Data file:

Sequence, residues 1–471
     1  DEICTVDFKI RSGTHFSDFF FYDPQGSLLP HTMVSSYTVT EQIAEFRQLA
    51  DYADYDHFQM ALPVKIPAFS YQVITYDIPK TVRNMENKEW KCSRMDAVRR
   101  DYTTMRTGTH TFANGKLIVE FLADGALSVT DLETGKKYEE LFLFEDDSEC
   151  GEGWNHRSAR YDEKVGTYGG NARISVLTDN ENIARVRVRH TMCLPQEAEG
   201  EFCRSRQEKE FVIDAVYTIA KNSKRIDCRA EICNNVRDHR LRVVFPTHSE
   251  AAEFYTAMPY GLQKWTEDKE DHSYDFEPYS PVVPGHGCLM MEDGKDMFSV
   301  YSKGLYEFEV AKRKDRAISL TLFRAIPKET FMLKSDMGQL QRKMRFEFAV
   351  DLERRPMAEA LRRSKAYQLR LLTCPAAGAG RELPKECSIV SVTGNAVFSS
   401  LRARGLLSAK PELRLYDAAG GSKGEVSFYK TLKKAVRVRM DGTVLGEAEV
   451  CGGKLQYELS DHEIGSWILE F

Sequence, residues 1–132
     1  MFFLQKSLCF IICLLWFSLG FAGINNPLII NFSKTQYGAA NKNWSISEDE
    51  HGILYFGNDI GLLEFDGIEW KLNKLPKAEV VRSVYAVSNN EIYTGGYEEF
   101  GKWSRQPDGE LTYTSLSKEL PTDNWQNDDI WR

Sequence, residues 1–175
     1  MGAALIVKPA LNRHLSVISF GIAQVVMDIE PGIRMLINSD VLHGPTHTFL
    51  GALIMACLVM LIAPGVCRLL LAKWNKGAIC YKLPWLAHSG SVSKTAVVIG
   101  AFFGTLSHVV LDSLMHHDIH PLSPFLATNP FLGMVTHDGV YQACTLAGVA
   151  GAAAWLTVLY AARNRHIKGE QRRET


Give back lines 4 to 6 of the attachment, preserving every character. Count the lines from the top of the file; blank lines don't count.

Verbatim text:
   101  DYTTMRTGTH TFANGKLIVE FLADGALSVT DLETGKKYEE LFLFEDDSEC
   151  GEGWNHRSAR YDEKVGTYGG NARISVLTDN ENIARVRVRH TMCLPQEAEG
   201  EFCRSRQEKE FVIDAVYTIA KNSKRIDCRA EICNNVRDHR LRVVFPTHSE